Member Spotlight: Laila Lalami



MEMBER SPOTLIGHT: Laila Lalami

What’s the first book you remember reading?
There really isn't a specific book. When I was little, I read a lot of French comics—Asterix, Tintin, Les Schtroumpfs, Boule et Bill, Lucky Luke, etc. There was also a series called Zembla, which featured a Tarzan-like character fighting various bad guys in the jungle.

Name one person who has helped form or shape your creative identity. How so?
My second-grade teacher, Sister Laurette. She nurtured my love of books and reading. 

What book do you think everyone should be reading right now?
Animal Farm by George Orwell. 

What is the worst advice you’ve received as a writer? And what is the best?
Worst: I was told that American readers wouldn't care about Moroccan characters and I should recast their story of immigration to Florida. Ha!

Best: Keep writing.

Who would be your ideal literary dinner guest (living or dead) and why?  
Kafka, for reasons literary and political. 

If you could be one fictional character, who would you be and why?
Imperator Furiosa, because she doesn't suffer fools.

What does the freedom to write mean to you? In what ways has this affected you personally?
The freedom to imagine, to think freely, to express myself without fear of government interference. I grew up in Morocco, where those freedoms weren't guaranteed. So I never take them for granted.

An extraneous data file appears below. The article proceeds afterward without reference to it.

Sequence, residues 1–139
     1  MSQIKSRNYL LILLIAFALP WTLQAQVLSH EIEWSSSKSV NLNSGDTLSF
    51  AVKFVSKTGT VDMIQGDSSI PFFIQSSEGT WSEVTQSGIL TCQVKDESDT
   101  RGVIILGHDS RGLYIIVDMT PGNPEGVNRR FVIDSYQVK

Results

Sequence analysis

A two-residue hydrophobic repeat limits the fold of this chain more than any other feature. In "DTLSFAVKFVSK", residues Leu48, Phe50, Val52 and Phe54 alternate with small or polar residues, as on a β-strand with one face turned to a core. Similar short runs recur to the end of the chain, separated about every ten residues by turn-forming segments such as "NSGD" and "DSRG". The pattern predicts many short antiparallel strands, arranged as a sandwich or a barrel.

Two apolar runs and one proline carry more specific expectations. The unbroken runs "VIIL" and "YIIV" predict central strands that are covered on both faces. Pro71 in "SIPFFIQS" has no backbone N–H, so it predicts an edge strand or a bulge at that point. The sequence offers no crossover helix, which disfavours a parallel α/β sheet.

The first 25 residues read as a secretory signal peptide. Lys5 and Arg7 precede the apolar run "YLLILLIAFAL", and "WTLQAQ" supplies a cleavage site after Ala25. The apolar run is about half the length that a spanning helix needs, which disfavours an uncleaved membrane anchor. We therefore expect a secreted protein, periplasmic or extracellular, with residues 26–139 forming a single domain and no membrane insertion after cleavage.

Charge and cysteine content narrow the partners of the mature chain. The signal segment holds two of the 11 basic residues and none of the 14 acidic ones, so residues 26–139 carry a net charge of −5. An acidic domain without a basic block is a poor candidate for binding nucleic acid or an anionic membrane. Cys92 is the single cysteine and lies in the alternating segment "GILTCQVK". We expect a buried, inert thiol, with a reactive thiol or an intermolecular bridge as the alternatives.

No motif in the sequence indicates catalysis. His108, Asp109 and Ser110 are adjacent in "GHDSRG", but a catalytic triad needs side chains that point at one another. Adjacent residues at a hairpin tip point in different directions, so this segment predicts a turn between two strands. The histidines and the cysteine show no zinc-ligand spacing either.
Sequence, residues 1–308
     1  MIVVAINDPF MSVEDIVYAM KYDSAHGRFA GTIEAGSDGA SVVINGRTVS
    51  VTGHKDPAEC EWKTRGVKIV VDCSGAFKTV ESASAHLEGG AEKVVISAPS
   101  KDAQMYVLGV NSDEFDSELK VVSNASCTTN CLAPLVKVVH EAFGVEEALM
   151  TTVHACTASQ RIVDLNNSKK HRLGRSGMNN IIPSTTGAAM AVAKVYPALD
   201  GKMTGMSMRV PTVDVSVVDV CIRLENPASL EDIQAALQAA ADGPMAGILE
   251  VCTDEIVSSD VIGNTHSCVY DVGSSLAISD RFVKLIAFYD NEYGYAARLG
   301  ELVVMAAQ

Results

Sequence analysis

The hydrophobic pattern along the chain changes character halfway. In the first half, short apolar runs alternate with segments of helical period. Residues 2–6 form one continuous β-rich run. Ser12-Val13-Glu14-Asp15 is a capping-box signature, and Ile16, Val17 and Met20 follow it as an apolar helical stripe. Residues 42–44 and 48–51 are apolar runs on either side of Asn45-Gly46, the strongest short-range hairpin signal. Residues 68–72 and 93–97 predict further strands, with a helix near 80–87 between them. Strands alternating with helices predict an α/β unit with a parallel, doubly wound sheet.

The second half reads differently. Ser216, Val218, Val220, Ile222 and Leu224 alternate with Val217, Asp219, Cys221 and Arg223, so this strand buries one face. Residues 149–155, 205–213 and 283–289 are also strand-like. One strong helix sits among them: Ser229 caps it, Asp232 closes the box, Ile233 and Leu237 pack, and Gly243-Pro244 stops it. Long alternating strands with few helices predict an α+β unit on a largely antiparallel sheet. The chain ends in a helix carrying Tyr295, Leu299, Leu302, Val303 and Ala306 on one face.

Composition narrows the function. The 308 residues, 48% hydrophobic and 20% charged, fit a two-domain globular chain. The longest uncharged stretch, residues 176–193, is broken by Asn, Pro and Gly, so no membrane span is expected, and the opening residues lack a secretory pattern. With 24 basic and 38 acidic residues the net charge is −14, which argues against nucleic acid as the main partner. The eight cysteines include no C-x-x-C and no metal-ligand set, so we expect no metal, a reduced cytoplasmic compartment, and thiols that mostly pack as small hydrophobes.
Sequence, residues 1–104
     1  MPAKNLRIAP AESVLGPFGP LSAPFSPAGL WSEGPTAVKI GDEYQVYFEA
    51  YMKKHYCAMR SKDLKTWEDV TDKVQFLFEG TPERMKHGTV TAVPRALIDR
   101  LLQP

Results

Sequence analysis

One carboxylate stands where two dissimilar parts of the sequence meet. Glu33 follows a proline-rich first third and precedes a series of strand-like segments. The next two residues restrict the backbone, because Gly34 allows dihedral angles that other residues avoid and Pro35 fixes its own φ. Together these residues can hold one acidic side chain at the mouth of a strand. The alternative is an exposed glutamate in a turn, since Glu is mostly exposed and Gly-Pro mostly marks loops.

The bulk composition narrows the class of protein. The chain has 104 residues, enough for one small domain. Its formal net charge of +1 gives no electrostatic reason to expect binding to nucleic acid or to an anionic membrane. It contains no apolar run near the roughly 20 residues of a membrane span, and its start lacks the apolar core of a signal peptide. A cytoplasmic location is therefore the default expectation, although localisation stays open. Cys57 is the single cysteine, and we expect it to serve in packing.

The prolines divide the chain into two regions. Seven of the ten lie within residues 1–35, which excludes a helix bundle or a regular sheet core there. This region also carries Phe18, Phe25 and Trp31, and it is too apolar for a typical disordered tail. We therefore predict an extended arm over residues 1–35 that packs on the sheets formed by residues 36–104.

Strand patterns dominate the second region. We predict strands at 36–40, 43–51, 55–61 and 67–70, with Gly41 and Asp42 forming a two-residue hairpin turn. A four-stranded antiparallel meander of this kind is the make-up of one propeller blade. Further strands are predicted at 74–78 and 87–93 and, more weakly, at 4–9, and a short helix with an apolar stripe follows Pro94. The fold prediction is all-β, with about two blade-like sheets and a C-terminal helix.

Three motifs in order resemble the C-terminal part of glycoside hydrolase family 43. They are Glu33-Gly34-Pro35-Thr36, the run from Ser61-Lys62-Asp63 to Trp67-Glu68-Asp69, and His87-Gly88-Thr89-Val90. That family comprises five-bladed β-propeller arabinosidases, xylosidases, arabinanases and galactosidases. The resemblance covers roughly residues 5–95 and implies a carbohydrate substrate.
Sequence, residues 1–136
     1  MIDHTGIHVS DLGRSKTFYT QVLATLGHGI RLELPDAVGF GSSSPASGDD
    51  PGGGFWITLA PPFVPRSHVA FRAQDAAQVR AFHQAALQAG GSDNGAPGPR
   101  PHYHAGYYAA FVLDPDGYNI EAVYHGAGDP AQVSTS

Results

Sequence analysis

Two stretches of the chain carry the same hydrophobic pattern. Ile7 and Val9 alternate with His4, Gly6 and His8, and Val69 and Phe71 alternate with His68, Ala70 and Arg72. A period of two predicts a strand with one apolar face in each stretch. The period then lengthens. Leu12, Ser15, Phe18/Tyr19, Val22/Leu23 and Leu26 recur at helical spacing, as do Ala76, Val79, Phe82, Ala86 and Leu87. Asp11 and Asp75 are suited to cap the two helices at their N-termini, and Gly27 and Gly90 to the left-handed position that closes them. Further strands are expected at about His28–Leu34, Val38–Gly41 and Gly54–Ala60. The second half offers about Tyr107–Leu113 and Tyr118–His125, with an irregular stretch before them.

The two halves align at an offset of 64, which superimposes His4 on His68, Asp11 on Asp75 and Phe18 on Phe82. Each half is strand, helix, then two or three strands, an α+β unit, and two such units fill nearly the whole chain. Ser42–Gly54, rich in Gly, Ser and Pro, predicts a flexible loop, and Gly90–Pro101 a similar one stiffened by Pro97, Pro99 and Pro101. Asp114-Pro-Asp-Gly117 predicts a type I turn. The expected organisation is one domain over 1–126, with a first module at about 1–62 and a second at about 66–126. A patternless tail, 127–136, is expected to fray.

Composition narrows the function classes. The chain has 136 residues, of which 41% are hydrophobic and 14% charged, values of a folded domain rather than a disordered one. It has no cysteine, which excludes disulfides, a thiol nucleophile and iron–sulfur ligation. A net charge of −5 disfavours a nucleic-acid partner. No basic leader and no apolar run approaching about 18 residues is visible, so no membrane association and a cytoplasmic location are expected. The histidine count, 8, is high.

Tell us one way you feel a person can be a good literary citizen.
Be engaged. Our reading culture is becoming increasingly dominated by ratings (stars, likes, faves, etc.), but books demand more substantive conversations. The best way to contribute to reading culture is to talk about books in substantive ways, have conversations that can enrich our understanding, and spark interest in other books.


Laila Lalami is the author of the novels Hope and Other Dangerous PursuitsSecret Son; and, most recently, The Moor’s Account, which won the American Book Award, the Arab American Book Award, the Hurston/Wright Legacy Award, and was a finalist for the Pulitzer Prize. Her essays and opinion pieces have appeared in the Los Angeles Times, The Washington PostThe Nation, The Guardian, The New York Times, and in many anthologies. She writes the “Between the Lines” column for The Nation magazine and is a critic-at-large for the Los Angeles Times. The recipient of a British Council Fellowship, a Fulbright Fellowship, and a Guggenheim Fellowship, she is currently a professor of creative writing at the University of California at Riverside.